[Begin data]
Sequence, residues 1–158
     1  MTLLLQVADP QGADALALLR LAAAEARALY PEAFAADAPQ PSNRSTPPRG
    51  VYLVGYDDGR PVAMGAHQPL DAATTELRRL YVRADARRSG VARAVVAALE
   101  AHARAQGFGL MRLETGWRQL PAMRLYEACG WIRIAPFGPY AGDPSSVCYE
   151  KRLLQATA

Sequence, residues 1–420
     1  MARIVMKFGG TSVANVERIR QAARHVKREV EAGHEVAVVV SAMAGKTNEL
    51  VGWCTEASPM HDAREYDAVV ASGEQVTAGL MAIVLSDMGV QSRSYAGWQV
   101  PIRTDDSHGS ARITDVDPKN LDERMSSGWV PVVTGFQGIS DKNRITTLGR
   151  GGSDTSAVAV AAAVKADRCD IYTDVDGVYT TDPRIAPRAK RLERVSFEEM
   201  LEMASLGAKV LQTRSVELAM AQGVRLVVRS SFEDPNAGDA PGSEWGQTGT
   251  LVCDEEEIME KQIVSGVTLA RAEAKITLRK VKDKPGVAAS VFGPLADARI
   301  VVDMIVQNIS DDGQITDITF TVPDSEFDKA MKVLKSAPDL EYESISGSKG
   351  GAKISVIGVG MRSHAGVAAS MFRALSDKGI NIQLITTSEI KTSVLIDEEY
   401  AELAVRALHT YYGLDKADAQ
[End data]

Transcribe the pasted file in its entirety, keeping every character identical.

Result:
Sequence, residues 1–158
     1  MTLLLQVADP QGADALALLR LAAAEARALY PEAFAADAPQ PSNRSTPPRG
    51  VYLVGYDDGR PVAMGAHQPL DAATTELRRL YVRADARRSG VARAVVAALE
   101  AHARAQGFGL MRLETGWRQL PAMRLYEACG WIRIAPFGPY AGDPSSVCYE
   151  KRLLQATA

Sequence, residues 1–420
     1  MARIVMKFGG TSVANVERIR QAARHVKREV EAGHEVAVVV SAMAGKTNEL
    51  VGWCTEASPM HDAREYDAVV ASGEQVTAGL MAIVLSDMGV QSRSYAGWQV
   101  PIRTDDSHGS ARITDVDPKN LDERMSSGWV PVVTGFQGIS DKNRITTLGR
   151  GGSDTSAVAV AAAVKADRCD IYTDVDGVYT TDPRIAPRAK RLERVSFEEM
   201  LEMASLGAKV LQTRSVELAM AQGVRLVVRS SFEDPNAGDA PGSEWGQTGT
   251  LVCDEEEIME KQIVSGVTLA RAEAKITLRK VKDKPGVAAS VFGPLADARI
   301  VVDMIVQNIS DDGQITDITF TVPDSEFDKA MKVLKSAPDL EYESISGSKG
   351  GAKISVIGVG MRSHAGVAAS MFRALSDKGI NIQLITTSEI KTSVLIDEEY
   401  AELAVRALHT YYGLDKADAQ